Tis the season of self-validation. Michael Keaton is proving he can transition from “Batman” to “Birdman.” Reese Witherspoon is showing she can be authentically “Wild,” rather than just “Legally Blonde.” And now Chris Rock is trying to demonstrate he’s more than a stand-up comic; he can write and direct and star in a movie to restart his career. What’s he’s attempted is to make a funny – and insightful – version of what Richard Linklater (most recently in “Before Midnight”) does so brilliantly: bring two people together and have them walk and talk and reveal some fundamental truths about life. The fact that he has at least partially succeeded is because the character played by Rosario Dawson. When Dawson’s in the scene, there is more warmth on the screen. As she (Chelsea) and Rock (Andre) talk and walk the streets of Manhattan, they provide the best moments, the most truthful parts, of this movie.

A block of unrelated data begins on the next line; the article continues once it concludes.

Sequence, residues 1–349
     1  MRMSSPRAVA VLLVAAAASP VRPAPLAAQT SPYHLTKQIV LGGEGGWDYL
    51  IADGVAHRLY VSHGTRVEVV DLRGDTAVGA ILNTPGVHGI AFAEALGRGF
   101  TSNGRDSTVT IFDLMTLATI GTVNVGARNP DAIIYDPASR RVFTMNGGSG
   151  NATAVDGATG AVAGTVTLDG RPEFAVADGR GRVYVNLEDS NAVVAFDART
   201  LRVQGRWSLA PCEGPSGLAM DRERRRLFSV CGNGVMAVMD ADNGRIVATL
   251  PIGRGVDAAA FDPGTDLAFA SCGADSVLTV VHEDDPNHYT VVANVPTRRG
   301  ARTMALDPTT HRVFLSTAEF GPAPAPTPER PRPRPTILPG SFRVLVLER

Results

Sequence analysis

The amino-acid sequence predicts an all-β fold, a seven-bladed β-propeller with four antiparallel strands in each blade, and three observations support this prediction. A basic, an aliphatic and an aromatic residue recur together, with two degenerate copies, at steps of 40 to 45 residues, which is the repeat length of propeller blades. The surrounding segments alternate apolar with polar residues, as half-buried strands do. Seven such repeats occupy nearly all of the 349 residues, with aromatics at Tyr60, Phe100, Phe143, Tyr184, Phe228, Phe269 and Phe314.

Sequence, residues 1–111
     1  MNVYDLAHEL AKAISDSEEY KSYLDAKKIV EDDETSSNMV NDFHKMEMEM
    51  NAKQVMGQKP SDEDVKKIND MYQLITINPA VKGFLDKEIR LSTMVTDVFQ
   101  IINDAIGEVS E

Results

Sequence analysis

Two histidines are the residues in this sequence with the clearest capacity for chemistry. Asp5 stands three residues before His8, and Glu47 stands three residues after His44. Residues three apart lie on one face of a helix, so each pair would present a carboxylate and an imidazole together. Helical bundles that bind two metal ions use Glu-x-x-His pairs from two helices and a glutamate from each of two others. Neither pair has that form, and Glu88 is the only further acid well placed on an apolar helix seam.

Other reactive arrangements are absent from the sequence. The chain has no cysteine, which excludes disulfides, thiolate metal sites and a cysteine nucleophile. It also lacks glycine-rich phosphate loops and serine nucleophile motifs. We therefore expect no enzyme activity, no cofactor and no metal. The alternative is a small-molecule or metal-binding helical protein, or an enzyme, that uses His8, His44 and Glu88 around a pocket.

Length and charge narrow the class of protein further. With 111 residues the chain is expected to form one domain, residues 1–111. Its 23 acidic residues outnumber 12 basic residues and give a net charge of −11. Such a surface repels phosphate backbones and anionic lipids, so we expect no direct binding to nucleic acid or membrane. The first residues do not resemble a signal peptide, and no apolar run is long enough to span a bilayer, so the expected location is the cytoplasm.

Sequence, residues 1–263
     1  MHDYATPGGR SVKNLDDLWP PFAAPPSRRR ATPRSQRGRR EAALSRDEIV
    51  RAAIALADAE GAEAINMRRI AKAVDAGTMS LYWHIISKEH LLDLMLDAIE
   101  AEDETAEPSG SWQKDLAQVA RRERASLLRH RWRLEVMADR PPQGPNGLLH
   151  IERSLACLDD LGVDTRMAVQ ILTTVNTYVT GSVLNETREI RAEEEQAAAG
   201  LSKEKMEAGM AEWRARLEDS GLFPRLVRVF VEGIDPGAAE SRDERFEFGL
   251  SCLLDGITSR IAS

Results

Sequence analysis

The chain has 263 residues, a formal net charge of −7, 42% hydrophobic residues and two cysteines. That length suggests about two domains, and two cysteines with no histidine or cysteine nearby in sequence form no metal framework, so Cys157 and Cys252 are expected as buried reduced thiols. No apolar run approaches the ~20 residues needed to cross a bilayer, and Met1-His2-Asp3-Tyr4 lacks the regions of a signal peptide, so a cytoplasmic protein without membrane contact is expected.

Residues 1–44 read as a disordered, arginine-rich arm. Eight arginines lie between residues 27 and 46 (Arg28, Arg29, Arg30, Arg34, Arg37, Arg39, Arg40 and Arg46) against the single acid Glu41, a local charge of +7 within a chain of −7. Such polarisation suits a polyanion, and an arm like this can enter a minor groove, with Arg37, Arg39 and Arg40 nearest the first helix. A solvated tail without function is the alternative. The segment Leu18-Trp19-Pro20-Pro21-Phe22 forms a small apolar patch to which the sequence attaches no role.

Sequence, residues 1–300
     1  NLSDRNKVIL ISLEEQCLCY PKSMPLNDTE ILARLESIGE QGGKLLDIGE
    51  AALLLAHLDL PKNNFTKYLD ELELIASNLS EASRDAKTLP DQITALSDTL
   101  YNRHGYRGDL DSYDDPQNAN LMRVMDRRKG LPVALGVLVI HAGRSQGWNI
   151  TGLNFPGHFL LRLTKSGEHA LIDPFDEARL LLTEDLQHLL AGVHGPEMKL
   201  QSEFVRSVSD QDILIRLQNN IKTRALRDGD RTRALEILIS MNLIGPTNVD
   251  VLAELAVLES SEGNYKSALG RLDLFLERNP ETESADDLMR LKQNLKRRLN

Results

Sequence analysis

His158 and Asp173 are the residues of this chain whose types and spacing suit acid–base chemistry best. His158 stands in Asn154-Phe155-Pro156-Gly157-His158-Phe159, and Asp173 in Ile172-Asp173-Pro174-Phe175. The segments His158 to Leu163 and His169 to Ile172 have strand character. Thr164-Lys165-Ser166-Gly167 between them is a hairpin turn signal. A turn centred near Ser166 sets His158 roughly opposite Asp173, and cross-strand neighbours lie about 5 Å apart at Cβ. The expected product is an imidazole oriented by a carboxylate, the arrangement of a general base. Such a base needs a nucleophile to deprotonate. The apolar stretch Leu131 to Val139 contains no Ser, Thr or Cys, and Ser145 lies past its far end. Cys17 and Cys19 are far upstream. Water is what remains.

What doesn’t work so well – and feels so contrived – is almost everything else – especially the very long and unnecessary sex scenes in a hotel room and in a strip club with un-credited A-list actors doing B-quality work. In fact, overall, the movie is incessantly raunchy and often rambling, touching on all the downsides of stardom, but in ways that make more sense to stars than they do to audiences. Virtually every sequence – and line of dialog – is more “blue” than it needs to be; to me, the “N” word is hurtful – not hilarious – whether it’s being spoken by Blacks or Whites. And adding “mother***r” to a line of dialog doesn’t make it automatically funny. But, for all of its crude language, there are moments in here that are more touching that you might expect — and the ending provides a sense of hope. Chris Rock has made this movie to prove he can be a seriously good actor. We need more proof.